The ratio of the outcomes of the two experiments (open/closed) is 10 .
If someone has doubts, and I do have, that the perimeter can contribute significantly to a colder sensation than the overall outcome becames more contrasted (ratio of areas, proportional to $R^2$) and the above example will give the value 100.
An array of thermometers can set the question, imo. One measure can be defined as the sum of all the temperatures.

The description in the question is correct, supported by experimentation (I did it ;), and have a physical and rational interpretation.

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The sense of hot is proportional to the area and the sense of cold is proportional to the perimeter*δr , for the same pressure (see the answer of user1355). please cite another source as this one is gone. –  Rick Feb 3 at 19:32

I think most reasons given above are false. It is our common experience that cold air comes when we exhale through a narrow opening of mouth. (Experience it yourself). It is due to adiabatic expansion of air. When a gas is allowed to expand suddenly, it do so by absorbing heat energy. When air is suddenly exhaled out into a larger volume through the narrow opening, air undergo adiabatic expansion. When we place our hand near the out flowing air heat energy is being absorbed from our hand. Hence we feel cold. Opposite is the case when a gas is compressed. Heat energy is liberated. (try this by tightly closing your mouth with your hand and exhaling air out into a small volume compressing it. You feel hot air). So the exact reason is the adiabatic expansion or compression according to the size of the mouth.I wonder the case is different in any other cold countries. In India it is so.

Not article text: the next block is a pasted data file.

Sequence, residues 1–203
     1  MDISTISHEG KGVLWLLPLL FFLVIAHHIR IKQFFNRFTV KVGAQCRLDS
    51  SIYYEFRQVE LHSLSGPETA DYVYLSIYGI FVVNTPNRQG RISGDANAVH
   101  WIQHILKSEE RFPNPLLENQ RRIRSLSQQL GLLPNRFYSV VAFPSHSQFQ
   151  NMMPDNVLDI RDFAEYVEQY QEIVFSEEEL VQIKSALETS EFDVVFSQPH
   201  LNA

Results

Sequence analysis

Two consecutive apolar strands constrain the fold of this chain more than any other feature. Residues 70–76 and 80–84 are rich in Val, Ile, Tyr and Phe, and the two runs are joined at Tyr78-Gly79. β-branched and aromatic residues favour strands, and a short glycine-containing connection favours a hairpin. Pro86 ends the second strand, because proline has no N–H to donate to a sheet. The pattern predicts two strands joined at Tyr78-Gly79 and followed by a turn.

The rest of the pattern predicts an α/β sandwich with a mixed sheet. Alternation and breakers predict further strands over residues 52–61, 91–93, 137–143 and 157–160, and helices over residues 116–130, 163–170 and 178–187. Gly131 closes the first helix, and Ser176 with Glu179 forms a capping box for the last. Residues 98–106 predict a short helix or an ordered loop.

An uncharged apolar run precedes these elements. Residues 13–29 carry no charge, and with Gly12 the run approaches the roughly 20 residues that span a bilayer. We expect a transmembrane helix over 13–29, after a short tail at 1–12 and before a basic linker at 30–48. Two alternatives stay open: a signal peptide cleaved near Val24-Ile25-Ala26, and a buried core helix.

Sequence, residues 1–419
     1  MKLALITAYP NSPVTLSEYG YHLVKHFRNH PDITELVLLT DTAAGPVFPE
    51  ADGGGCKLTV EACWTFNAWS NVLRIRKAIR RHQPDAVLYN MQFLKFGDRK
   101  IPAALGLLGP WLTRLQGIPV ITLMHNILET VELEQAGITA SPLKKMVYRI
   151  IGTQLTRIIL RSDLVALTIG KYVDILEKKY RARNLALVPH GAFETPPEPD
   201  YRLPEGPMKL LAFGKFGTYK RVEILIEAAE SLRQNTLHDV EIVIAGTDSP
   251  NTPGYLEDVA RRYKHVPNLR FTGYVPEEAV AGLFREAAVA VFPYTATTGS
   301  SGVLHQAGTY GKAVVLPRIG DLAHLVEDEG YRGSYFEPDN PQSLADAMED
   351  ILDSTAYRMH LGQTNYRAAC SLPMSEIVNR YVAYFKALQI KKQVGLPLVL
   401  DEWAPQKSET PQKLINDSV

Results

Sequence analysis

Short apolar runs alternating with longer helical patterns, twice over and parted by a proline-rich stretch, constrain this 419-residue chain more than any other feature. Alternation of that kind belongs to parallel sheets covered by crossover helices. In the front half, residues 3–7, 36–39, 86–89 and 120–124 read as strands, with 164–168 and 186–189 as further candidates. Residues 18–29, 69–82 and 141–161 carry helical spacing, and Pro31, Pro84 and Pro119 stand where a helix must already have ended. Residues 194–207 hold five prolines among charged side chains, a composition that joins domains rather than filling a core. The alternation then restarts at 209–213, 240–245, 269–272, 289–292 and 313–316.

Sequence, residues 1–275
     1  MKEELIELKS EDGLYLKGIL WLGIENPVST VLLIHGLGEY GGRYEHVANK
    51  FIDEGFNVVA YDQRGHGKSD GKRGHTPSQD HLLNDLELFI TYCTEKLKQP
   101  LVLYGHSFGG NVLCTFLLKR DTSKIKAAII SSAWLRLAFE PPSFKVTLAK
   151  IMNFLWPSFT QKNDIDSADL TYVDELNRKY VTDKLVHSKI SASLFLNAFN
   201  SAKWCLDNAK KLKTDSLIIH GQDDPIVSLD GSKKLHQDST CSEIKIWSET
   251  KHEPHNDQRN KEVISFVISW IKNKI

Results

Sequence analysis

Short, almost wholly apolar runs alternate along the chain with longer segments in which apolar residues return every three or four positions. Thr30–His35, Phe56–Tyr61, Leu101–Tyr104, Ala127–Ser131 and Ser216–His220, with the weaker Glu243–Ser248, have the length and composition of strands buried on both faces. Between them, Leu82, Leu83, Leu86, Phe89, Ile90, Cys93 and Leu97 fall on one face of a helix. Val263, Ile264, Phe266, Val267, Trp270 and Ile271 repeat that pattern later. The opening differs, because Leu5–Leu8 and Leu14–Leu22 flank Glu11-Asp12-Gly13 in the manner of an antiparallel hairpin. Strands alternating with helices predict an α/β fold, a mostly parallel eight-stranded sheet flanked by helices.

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en.wikipedia.org/wiki/Joule%E2%80%93Thomson_effect The cooling effect from lung pressure differential (10 kPa) in air is 0.02 K not significant. –  Rick Feb 3 at 19:28

## protected by Qmechanic♦Jun 24 '13 at 13:13